Sure we we can speculate about what their intentions were and why they made these decisions. Was it intentional deception? Was it unintentional deception? The reality is numerous people have been involved over the years in deciding what the official narratives would be and what would be included in our church curriculum. Their decisions were to withhold/alter/omitt information and alternative narratives. Whether to protect the member from confusion, angst, doubts or what……they made the decision to include/exclude stuff. Members made serious decisions based on those narratives and they trusted and believed they were getting complete accurate church history. That’s creating a mess and rightly so. In my opnion they chose preservation of the organization/reputations/family names over honesty and transparency. Not only that but they haven’t admitted that they chose heritage over accurate history! They haven’t apologized for the many people that they disciplined that were trying to discuss and provide accurate history. That’snot OK.

    They haven’t and still aren’t modeling complete honesty or the steps they teach for forgiveness/reptenance when you’ve made mistakes. And mistakes certainly were made and continue to be made as much of this still isn’t in official correlated material and difficult for the average worlwide member to find.

    I appreciate your additional edits you made to this article Brian after the first reading and responses. However, I think the title is still click bait and detracts from your good historical information and I think benovolent ommissions/deceptions are still what they are….ommissions/deceptions.

  42. Lol. Such fancy words to cover up such obvious motives. Fine work for the supposed “One true church of Jesus Christ”. The Mormon Jesus is a suddenly spin-doctor very crafty and lawyerly in his speech. Anyone who can write this stuff with a straight face is a full on 100% raging psychopath desperate to cling to their status quo. You should work for a politician.

  43. The interesting question now is what to do with the huge disparities between the theological version of Mormon history and the scholarly version. Darren Harrop’s anger is not an insignificant thing. There are many, many LDS people who feel this way. What can one do with this? For the individual, the question is one of continued affiliation or not. For the LDS Church, the question is of a rather different order of magnitude.

    Are the leaders of the LDS Church not culpable if they continue to proselyte using a version of history that is unsupportable? Are the leaders of the LDS Church not culpable if they teach a factually unfounded version of history and use it to cultivate the members’ attachment to the Church and obedience to leaders’ authority? At what point does it become important to leaders to find a way of addressing these problems that isn’t simply damage control? At what point does the question of history become serious enough that real intellectual and spiritual effort is expended in addressing these problems?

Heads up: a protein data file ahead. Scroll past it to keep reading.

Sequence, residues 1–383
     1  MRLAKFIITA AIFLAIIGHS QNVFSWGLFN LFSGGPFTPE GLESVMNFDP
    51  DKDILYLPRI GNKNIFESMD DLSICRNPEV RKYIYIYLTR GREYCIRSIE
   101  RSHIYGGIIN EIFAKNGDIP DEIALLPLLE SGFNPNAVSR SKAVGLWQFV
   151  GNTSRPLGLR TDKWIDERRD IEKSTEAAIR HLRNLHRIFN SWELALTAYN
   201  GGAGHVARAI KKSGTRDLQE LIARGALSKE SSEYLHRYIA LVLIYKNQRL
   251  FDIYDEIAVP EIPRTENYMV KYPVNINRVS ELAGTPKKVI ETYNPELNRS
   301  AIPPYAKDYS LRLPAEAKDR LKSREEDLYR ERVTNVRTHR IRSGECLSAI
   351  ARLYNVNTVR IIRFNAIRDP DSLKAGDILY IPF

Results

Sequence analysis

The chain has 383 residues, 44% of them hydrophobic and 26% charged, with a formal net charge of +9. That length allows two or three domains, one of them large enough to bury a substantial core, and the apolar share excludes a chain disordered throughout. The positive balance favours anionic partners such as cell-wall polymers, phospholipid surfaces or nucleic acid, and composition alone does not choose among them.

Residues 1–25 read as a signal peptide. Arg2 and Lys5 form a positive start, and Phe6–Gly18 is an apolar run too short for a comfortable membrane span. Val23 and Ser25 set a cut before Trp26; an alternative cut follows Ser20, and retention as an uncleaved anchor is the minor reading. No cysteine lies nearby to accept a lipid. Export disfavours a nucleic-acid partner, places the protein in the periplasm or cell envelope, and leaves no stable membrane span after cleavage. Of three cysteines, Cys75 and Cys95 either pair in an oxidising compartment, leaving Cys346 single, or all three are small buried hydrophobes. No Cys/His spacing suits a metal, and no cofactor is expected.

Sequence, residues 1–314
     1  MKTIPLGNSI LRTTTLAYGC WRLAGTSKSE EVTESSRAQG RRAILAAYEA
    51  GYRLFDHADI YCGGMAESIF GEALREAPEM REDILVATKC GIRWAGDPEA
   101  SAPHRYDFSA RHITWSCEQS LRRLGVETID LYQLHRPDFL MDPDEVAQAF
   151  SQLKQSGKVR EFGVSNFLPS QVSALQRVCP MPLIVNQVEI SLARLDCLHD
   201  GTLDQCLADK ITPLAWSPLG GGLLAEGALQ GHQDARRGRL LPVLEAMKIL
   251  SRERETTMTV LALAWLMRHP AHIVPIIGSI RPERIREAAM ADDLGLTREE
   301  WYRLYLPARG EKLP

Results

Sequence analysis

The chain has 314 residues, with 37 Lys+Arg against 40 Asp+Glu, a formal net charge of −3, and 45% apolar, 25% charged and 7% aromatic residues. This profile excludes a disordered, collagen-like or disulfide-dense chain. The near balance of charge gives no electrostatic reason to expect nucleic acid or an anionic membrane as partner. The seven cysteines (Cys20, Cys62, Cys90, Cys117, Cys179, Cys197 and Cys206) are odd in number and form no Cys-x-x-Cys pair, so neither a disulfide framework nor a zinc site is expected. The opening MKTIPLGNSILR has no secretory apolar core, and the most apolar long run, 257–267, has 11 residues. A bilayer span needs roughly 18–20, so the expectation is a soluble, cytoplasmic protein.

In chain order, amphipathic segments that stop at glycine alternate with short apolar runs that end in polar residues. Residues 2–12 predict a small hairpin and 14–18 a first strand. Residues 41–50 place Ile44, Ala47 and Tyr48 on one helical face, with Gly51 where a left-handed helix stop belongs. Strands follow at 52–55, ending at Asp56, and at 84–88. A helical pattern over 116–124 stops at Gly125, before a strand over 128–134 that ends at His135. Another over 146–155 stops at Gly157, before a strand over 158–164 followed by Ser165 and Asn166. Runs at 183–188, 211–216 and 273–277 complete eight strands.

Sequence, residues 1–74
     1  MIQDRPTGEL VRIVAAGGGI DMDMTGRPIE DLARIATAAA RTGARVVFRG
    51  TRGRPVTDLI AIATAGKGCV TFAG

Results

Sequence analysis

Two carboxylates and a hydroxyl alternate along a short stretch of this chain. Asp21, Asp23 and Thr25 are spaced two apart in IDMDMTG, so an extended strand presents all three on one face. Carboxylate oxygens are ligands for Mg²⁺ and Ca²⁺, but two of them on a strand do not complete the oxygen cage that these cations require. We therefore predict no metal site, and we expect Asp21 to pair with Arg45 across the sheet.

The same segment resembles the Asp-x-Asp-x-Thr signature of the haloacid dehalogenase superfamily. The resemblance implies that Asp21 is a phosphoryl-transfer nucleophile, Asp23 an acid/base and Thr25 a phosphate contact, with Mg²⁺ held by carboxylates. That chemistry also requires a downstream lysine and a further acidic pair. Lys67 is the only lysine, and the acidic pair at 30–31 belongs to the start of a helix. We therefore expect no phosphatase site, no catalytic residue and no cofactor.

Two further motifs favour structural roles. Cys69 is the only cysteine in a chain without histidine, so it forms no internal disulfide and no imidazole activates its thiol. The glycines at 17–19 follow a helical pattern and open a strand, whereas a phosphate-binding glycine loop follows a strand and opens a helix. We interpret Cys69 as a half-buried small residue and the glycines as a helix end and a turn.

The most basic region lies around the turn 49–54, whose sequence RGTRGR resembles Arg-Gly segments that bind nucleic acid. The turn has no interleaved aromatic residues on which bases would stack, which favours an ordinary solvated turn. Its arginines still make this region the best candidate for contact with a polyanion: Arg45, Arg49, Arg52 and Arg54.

At the root of this issue is the connection between historical claims and authority. Greater numbers of people now understand, at some level, that the power to demand big things of the members currently rests on factually dubious claims. It is one thing to say that Jesus will save you in heaven someday. It is quite something else to say that because Joseph Smith miraculously translated gold plates from Reformed Egyptian and received the priesthood from resurrected prophets and apostles, one must be strictly obedient to the authority of 21st century Mormon leaders or fail to gain exaltation in God’s Kingdom.

    Do people pay 10% on their gross income to follow strictly the leader of a splinter group that emerged after the death of a man who wrote an inspiring work of pseudo-Biblical historical fiction and founded a church on the erroneous claim that he had translated a real ancient text from an actual lost Hebraic civilization in the Americas? Is one to believe that obedience really is the first law of heaven if the fellow who told you so was spinning tall tales featuring himself as the hero?

    This is where the rubber meets the road. The question really isn’t one of the existence of different kinds of history so much as it is the trading on an inaccurate narrative to wield authority over people’s lives. Such authority has been used to meddle in people’s personal sexual identities and behaviors. Such authority has been used in the political fight against the civil rights of women and gays.

    I have always loved Morton Dacosta’ classic cinematic musical, The Music Man. The endearing fiction of a con-man, Harold Hill, whose basic goodness got the better of him, and the community that ultimately benefited from what started out as Hill’s scam. Without calling Joseph Smith a Harold Hill character, although the comparison is an attractive one, I would say that I sometimes think of Church teachings as that imaginary idealized boy’s band. Sure, it may be the case that a lot of what one hears at Church is ultimately hokum, but if it encourages people to do good, then it seems like it is, in the balance, a good institution.

    But the analogy falls apart in the difference of degrees. A boy’s band is a salutary shot in the arm, in the form of a healthy and educational pastime, to a dull community. Mormonism presents itself as the answer to everything, and openly teaches that all is demanded from individuals and groups who hope to achieve its greatest benefits. This is the bargain that the LDS Church strikes with its members, and it is an oppressive one.